We’ve all done it. Whether in a text, a Facebook status, or an email, we’ve all misspelled something and embarrassed ourselves. We’ve also likely panicked upon realizing our error and decided to quickly send a correcting text – only to realize that text also contains an unfortunate error.
The problem is that when the US Department of Education (ED) does this, it looks pretty bad.
Polymath and interesting name owner William Edward Burghardt Du Bois is revered in much of the US for his pioneering support for civil rights for African-Americans in the early 20th century. One of the founding members of the National Association for the Advancement of Colored People (NAACP), he is also known for his support of both academia and public education.
The ED Twitter account thought it would be appropriate that this rather legendary man should be highlighted during the US’ Black History Month – to wit, they shared an image of him, along with an inspirational quote about education and life.
There was, of course, just one teeny, tiny problem – they misspelled his name as “DeBois.”
After the denizens of Twitter, including Chelsea Clinton, spotted this mistake, the ED quickly tweeted their apology. Hilariously (or sadly, depending on your perspective on life), their tweet also contained a spelling mistake. Although it’s since been deleted, it was documented by the Washington Post in its entirety.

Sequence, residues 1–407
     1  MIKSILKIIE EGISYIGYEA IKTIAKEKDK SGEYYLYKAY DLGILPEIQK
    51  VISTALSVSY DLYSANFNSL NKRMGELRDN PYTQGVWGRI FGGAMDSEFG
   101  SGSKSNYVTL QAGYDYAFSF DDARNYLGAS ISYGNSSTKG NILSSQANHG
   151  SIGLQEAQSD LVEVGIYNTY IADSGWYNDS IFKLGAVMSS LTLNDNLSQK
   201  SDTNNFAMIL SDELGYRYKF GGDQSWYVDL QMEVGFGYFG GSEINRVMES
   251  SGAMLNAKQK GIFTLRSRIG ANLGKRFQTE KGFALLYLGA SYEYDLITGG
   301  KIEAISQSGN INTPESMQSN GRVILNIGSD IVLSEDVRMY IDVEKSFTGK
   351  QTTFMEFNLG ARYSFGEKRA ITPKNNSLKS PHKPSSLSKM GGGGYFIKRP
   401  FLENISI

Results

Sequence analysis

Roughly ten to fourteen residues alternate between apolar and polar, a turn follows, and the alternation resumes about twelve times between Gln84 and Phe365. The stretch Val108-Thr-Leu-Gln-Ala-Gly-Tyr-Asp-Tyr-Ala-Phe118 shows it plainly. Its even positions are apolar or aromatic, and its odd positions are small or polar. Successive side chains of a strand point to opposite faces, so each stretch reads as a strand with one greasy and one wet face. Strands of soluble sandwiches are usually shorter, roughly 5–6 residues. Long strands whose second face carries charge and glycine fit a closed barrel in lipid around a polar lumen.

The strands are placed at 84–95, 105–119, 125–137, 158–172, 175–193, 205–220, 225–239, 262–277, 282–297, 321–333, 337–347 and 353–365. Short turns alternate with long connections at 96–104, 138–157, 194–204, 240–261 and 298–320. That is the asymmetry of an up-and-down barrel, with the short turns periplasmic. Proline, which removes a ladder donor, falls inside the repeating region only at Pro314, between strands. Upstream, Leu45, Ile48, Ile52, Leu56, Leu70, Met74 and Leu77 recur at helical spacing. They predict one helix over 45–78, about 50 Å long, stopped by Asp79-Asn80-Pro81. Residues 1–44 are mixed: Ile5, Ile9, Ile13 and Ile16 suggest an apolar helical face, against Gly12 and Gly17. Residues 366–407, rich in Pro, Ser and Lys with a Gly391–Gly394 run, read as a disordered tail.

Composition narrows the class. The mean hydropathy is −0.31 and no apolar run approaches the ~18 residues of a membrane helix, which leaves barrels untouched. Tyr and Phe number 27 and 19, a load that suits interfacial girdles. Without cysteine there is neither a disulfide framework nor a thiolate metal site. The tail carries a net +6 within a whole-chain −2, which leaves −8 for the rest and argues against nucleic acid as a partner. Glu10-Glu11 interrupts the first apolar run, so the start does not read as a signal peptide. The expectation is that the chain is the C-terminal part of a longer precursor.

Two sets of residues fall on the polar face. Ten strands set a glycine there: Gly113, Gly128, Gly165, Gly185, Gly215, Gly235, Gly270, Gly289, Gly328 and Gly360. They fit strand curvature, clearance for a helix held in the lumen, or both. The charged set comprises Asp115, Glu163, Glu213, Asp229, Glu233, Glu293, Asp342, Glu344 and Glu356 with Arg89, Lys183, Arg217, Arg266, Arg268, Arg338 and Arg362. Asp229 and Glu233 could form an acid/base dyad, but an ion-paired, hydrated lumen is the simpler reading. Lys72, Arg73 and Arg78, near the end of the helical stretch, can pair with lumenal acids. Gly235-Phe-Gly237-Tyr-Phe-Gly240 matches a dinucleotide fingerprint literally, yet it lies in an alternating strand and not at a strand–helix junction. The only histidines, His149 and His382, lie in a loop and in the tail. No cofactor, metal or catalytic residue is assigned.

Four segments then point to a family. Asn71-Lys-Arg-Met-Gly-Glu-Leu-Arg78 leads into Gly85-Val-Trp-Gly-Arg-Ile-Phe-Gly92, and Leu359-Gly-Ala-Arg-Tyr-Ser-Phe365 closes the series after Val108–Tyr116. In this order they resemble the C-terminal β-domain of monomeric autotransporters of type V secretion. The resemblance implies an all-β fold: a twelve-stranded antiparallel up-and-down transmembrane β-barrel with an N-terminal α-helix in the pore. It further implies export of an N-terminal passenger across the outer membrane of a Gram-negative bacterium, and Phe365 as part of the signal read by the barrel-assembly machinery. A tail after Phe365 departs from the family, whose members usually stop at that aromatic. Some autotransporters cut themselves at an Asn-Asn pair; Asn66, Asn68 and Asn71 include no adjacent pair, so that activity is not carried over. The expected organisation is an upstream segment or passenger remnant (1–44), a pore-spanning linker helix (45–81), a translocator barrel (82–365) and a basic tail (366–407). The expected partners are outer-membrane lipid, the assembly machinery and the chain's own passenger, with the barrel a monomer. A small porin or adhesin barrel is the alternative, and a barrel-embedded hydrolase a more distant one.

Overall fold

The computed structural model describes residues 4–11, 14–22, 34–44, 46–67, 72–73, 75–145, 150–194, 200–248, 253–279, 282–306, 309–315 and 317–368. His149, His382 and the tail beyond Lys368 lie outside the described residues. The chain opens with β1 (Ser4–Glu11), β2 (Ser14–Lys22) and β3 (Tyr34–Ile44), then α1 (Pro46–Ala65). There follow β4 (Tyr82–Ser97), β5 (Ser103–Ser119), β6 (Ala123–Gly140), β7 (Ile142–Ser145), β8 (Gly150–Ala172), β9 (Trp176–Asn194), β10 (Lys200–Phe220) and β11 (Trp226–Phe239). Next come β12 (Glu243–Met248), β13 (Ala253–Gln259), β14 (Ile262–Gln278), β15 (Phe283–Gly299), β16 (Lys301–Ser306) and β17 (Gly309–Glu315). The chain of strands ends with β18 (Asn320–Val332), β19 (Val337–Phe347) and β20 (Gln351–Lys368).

“Post updated,” it read. “Our deepest apologizes for the earlier typo.”
Oh dear. You had one job, social media manager.
Either way, this isn’t a good look for the already beleaguered ED. Right now, it’s not clear whether the Republican Party wants to neuter the ED or completely eradicate it, and multiple spelling errors don’t exactly inspire confidence in their ability to run things smoothly.
It’s certainly safe to say that it’s not been a smooth start for Betsy DeVos, a longtime donor to the GOP whose most memorable thoughts about America’s education system involve giving all schools guns to prevent “potential grizzly” attacks.
So far, she’s been blocked by protestors from getting into a school for her first public event as the new Secretary of Education. She’s also been tweeting about missing pencils – or someone using her account has been, anyway – and that’s not been going too well either.
This latest incident isn’t the first government misspelling fiasco of the new administration. A few days earlier, the White House released a list of terrorist attacks that were supposedly underreported by the media. As it turns out, this list was peppered with glorious glaring spelling mistakes, including “attaker” and “Denmakr”.
Ah well. Maybe these are just “Alternative Spellings”.